· If you want your last query to match the end of the filename, append
         `$' to the last query.

       Fasd's basic functionalities are POSIX compliant, meaning that you
       should be able to use fasd in all POSIX compliant shells.  Your shell
       need to support command substitution in $PS1 in order for fasd to
       automatically track your commands and files.  This feature is not
       specified by the POSIX standard, but it's nonetheless present in many
       POSIX compliant shells.  In shells without prompt command or prompt
       command substitution (tcsh for instance), you can add entries manually
       with "fasd -A".  You are very welcomed to contribute shell
       initialization code for not yet supported shells.

       Fasd offers two completion modes, command mode completion and word mode
       completion.  Command mode completion works in bash and zsh.  Word mode
       completion only works in zsh.

       Command mode completion is just like completion for any other commands.
       It is triggered when you hit tab on a fasd command or its aliases.
       Under this mode your queries can be separated by a space.  Tip: if you
       find that the completion result overwrites your queries, type an extra
       space before you hit tab.

       Word mode completion can be triggered on any command.  Word completion
       is triggered by any command line argument that starts with "," (all),
       "f," (files), or "d," (directories), or that ends with ",," (all),
       ",,f" (files), or ",,d" (directories).  Examples:

              $ vim ,rc,lo<Tab>
              $ vim /etc/rc.local

              $ mv index.html d,www<Tab>
              $ mv index.html /var/www/

       There are also three zle widgets: "fasd-complete", "fasd-complete-f",
       "fasd-complete-d".  You can bind them to keybindings you like:

              bindkey '^X^A' fasd-complete    # C-x C-a to do fasd-complete (fils and directories)
              bindkey '^X^F' fasd-complete-f  # C-x C-f to do fasd-complete-f (only files)
              bindkey '^X^D' fasd-complete-d  # C-x C-d to do fasd-complete-d (only directories)

       Fasd can take advantage of different sources of recent / frequent
       files.  Most desktop environments (like Gtk) and some editors (like
       Vim) keep a list of accessed files.  Fasd can use them as additional
       backends if the data can be converted into fasd's native format.  As of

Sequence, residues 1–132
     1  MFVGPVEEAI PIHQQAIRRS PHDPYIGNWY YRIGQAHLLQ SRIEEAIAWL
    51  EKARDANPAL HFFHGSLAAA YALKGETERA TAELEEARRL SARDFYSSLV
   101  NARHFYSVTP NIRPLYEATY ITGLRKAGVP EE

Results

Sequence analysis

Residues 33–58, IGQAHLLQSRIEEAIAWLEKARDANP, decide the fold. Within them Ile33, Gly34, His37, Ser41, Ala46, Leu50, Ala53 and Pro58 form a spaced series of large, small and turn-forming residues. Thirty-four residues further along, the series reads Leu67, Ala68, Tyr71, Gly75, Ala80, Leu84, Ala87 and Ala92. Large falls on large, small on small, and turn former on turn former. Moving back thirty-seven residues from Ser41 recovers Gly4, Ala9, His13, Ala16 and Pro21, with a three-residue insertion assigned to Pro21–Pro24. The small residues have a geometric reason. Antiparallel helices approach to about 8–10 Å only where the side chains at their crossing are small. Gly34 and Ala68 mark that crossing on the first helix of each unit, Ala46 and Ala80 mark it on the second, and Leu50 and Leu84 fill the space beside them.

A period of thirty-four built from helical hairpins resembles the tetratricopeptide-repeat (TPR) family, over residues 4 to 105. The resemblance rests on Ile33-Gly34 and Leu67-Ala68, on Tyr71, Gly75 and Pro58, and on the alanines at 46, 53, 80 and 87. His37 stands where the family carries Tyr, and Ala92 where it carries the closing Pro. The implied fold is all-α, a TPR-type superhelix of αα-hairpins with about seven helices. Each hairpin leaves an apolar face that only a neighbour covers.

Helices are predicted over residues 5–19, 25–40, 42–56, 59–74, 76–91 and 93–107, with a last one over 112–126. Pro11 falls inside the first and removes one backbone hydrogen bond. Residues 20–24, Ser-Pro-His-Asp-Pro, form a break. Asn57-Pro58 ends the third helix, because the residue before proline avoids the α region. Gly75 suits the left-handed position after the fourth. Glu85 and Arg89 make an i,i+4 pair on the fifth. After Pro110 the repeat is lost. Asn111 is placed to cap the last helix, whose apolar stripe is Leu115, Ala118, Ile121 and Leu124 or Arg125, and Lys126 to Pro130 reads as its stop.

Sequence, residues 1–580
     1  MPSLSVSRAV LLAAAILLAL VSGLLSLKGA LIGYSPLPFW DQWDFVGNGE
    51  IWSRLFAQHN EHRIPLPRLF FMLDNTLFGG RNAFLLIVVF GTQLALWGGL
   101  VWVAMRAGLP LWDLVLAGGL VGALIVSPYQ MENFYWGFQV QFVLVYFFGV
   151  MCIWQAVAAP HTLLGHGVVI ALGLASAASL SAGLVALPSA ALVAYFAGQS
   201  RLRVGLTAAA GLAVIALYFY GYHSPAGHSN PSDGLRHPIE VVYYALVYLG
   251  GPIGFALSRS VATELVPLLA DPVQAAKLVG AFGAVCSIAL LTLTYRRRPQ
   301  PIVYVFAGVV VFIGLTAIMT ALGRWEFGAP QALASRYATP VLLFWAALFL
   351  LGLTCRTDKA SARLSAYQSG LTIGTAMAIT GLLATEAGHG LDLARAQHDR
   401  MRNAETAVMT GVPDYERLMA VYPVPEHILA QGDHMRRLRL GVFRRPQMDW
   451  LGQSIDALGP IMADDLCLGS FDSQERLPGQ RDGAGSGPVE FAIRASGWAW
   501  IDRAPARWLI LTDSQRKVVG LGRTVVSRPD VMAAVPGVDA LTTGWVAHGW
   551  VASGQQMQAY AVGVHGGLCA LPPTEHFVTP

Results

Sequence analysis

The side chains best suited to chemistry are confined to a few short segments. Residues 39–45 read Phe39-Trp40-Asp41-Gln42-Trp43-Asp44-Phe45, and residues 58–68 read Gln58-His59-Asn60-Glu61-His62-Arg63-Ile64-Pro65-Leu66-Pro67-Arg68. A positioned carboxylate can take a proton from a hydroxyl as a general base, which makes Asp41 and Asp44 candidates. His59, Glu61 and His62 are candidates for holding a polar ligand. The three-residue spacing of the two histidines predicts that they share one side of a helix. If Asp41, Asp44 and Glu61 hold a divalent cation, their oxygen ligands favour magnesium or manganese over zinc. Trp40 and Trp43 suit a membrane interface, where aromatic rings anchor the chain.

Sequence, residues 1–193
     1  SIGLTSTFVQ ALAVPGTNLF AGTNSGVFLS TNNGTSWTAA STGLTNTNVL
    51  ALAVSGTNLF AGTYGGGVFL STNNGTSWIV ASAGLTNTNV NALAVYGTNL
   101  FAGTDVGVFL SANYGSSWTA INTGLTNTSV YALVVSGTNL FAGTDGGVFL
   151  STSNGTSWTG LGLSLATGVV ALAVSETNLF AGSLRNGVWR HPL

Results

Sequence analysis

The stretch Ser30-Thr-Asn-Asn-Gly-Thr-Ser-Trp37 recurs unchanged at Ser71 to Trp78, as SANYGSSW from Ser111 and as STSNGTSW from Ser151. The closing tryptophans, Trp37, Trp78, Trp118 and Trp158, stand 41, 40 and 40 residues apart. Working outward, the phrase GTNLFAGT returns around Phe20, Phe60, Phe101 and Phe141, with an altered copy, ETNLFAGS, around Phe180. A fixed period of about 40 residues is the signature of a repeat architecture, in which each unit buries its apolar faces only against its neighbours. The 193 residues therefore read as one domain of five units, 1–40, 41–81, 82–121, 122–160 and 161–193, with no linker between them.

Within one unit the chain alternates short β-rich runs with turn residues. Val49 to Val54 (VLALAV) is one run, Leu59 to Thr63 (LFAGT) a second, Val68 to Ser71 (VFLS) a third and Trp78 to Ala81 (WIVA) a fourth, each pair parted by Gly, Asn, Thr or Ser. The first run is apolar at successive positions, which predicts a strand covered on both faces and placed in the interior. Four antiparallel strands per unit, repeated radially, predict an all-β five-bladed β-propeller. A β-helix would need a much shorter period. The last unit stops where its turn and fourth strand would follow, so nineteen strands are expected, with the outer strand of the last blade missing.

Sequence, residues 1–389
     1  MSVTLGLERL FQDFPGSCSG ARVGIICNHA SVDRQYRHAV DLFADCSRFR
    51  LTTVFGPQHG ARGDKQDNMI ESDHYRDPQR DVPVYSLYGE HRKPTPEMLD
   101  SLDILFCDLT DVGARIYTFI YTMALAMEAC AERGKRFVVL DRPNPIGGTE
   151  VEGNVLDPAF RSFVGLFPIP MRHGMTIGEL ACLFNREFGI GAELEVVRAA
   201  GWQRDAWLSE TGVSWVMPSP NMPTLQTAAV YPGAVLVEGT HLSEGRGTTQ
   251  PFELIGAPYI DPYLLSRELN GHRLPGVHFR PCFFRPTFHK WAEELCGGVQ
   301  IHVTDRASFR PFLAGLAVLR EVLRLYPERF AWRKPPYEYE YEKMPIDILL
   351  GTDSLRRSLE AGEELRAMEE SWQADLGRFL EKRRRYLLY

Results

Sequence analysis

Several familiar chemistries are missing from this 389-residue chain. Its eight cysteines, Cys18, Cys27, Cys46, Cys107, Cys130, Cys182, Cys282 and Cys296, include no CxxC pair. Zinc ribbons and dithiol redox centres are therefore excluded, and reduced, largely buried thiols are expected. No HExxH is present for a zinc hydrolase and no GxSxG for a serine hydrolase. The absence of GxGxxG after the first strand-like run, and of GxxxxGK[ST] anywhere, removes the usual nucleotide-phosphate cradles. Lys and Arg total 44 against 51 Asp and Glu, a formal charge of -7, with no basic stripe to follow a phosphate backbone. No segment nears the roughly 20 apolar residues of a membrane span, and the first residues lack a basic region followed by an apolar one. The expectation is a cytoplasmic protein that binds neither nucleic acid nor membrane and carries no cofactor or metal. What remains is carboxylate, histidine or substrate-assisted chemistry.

now, fasd supports Gtk's recently-used.xbel and Vim's viminfo backends.
       You can define your own backend by declaring a function by that name in
       your .fasdrc.  You set default backend with _FASD_BACKENDS variable in
       our .fasdrc.

       Upon every execution, fasd will source "/etc/fasdrc" and
       "$HOME/.fasdrc" if they are present.  Below are some variables you can

              Path to the fasd data file, default "$HOME/.fasd".

              List of blacklisted strings. Commands matching them will not be processed.
              Default is "--help".

              List of all commands that needs to be shifted, defaults to "sudo busybox".

              List of all commands that will be ignored, defaults to "fasd ls echo".

              Fasd defaults to track your "$PWD". Set this to 0 to disable this behavior.

              Which awk to use. fasd can detect and use a compatible awk.

              File to log all STDERR to, defaults to "/dev/null".

              Max total score / weight, defaults to 2000.

              Which shell to execute. Some shells will run faster than others. fasd
              runs faster with dash and ksh variants.

              Default backends.

              If set to any non-empty string, fasd will not add or delete entries from
              database. You can set and export this variable from command line.

              Level of "fuzziness" when doing fuzzy matching. More precisely, the number of
              characters that can be skipped to generate a match. Set to empty or 0 to
              disable fuzzy matching. Default value is 2.

              Path to .viminfo file for viminfo backend, defaults to "$HOME/.viminfo"

              Path to XDG recently-used.xbel file for recently-used backend, defaults to

       Fasd is hosted on GitHub: https://github.com/clvv/fasd

       If fasd does not work as expected, please file a bug report on GitHub
       describing the unexpected behavior along with your OS version, shell
       version, awk version, sed version, and a log file.

       You can set _FASD_SINK in your .fasdrc to obtain a log.


       Fasd is originally written based on code from z
       (https://github.com/rupa/z) by rupa deadwyler under the WTFPL license.
       Most if not all of the code has been rewritten.  Fasd is licensed under
       the "MIT/X11" license.

       Wei Dai <x@wei23.net>.

fasd user manual                 Jul 16, 2012                          FASD(1)